Figure 202 Balcony Design

Balconies

Angle underside of balcony upwards

Angle underside of balcony upwards

Fair leading edge to reduce reflections

Figure 20.3 Flying Balcony Design

balcony overhang is very deep, both direct and reverberant sound have difficulty penetrating. A sound system can augment the direct sound, using loudspeakers located on the underside of the balcony. A concave or semicircular-ceiling cavity under the balcony can help generate a localized reverberant field to offset the effect of a deep overhang.

In rare instances, halls have been built with a flying balcony, separated from the rear wall of the room as in Fig. 20.3. This allows the sound to flow around the upper balcony to reach the rearmost under-balcony seats. It is an expensive solution, since it presents structural challenges, even when beams support the balcony from the rear.

Ceiling Design

The ceiling of an auditorium or theater is more complicated than those found in a lecture hall. When auditoria are designed for speech, strong overhead reflections are preferred, whereas for music, a ceiling that diffuses the sound and aids in the sense of envelopment, or feeling surrounded by the sound, is best. A flat ceiling can yield excellent results for speech if it is not too high and if the floor rake is sufficient. In auditoria and lecture halls, particularly when the floor is flat or slightly raked, a shaped ceiling is helpful. This type can be designed by dividing the surface into angled planes or separately supported reflectors, so that there is an even distribution of reflected sound over the audience.

The surface above the proscenium arch is particularly important. Figure 20.4 shows an example. The first reflecting surface should be convex and horizontal at the proscenium wall. Such a shape aides in the reflection of sound to the seats in the center of the orchestra section, which is the most difficult to cover. It is also more forgiving of changes in the source position than a sharply slanted reflector. By controlling the curvature the clusters, loudspeakers can be nested above the reflector where the shielding helps control feedback. One or more rows of theatrical lighting must be accommodated, located at 45° and 55° from a downstage actor. Consequently there is a scramble for the ceiling space in the third of the ceiling closest to the proscenium, which must include passive acoustical reflectors, loudspeakers, catwalks, and theatrical lighting.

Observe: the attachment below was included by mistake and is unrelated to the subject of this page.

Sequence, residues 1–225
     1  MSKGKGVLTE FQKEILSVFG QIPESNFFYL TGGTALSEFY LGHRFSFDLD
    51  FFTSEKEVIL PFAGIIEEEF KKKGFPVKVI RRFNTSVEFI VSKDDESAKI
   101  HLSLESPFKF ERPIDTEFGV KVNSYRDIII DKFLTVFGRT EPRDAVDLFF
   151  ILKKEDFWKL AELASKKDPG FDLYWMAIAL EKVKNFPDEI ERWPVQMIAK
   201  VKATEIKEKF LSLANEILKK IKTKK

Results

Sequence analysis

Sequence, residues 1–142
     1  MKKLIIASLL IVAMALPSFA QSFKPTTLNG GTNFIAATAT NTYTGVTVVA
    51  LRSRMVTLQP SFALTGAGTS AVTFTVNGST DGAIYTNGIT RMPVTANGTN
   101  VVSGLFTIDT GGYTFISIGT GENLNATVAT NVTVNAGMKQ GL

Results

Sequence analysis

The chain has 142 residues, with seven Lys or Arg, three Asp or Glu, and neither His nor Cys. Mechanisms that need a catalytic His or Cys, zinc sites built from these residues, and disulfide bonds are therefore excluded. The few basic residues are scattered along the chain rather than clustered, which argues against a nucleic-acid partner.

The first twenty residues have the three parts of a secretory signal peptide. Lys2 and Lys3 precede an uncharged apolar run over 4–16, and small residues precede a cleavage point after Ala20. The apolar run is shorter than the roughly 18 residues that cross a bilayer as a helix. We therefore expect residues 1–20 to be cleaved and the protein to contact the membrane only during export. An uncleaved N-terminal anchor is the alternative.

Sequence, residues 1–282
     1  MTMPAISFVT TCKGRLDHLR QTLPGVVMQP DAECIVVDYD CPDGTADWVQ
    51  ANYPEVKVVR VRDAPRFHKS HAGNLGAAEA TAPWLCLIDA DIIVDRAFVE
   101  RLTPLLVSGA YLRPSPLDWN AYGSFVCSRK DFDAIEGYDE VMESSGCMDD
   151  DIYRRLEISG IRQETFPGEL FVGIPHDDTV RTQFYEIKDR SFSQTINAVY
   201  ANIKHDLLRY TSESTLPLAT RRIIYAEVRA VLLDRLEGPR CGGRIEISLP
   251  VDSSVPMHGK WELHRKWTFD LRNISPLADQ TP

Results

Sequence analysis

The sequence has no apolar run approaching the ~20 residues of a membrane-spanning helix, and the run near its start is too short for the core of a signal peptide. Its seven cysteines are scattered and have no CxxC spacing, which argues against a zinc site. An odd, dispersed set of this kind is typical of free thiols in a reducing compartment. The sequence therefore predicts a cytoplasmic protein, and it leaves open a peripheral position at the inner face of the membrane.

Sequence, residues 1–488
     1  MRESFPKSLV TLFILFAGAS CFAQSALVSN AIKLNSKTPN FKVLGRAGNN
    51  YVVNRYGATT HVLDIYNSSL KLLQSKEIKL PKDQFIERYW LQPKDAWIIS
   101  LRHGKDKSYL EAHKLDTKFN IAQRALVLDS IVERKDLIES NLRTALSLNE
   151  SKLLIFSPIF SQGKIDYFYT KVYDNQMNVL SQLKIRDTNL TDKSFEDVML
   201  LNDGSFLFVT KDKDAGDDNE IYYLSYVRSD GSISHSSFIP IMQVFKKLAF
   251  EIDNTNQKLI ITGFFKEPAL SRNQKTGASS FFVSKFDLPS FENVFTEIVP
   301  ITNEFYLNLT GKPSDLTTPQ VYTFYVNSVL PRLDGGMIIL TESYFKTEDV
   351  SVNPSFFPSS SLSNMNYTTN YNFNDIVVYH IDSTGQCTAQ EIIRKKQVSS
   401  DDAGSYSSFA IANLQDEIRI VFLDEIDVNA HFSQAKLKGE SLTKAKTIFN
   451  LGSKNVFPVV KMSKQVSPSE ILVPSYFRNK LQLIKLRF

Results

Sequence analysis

Figure 20.4 Design of Proscenium Reflectors

Figure 20.4 Design of Proscenium Reflectors

Procenium HeightArchitectural Reflecters

Ceiling reflectors can be flat or convex shaped but are not concave or coffered. Some designers prefer to use individual panels, or clouds, since they are more easily adjusted after installation, and are in some cases less expensive. When this type of ceiling system is used, the reflectors should be arranged along a single planar or curved surface so that interference patterns due to Bragg imaging do not occur. Reflectors should be large enough that the frequencies of interest are scattered more or less specularly. Using a group or array of reflecting panels can help offset this limitation and assure that low frequencies are also reflected (Leonard, Delsasso, and Knudsen, 1964). In Chapt. 7 we discussed the effects of reflector size on the frequency of the scattered sound. Where ceilings are very high or when there are ceilings at different heights, as is the case in some religious structures, the highest surfaces should be the first choice to receive absorptive treatment. These spaces sound best if the reverberation times are matched. Application of absorption to the whole area may not be required, but if some is treated the rest should maintain a consistent appearance whether treated or not. Where a highly diffuse ceiling is used, clarity is likely to suffer in the rear of the auditorium and in the balcony seats during unamplified use.

Audio Visual Considerations

As auditoria and religious structures become larger, they must rely on audio and video reinforcement systems to transmit the message to the audience. Floor layouts must accommodate sight lines, not only to the talker, but also to video screens and loudspeaker locations. If large loudspeakers are necessary to provide the directivity required for speech intelligibility, then the architectural real estate necessary to accommodate them must be included in the design. Loudspeakers should be arranged so that the source image is preserved, and frequently a central cluster above the proscenium is the best solution. When this does not match the visual expectation of the design team, enclosures can be incorporated to soften their visual impact.

If there are projected images in a theater, church, or lecture hall then the seating layout must accommodate the requirements of the screens. Figure 20.5 shows seating arrangements based on front and rear projection screens. The front row of seats should be no closer to the screen than one and one-half screen heights (1.5 H) or about one and one-eighth screen widths (1.125 D). The rearmost seat should be no more than 8H or 6D from the screen. In some cases screen sizes become very large and multiple screens must be used. This is particularly true in large fan-shaped churches where no single screen can be seen by the entire congregation.

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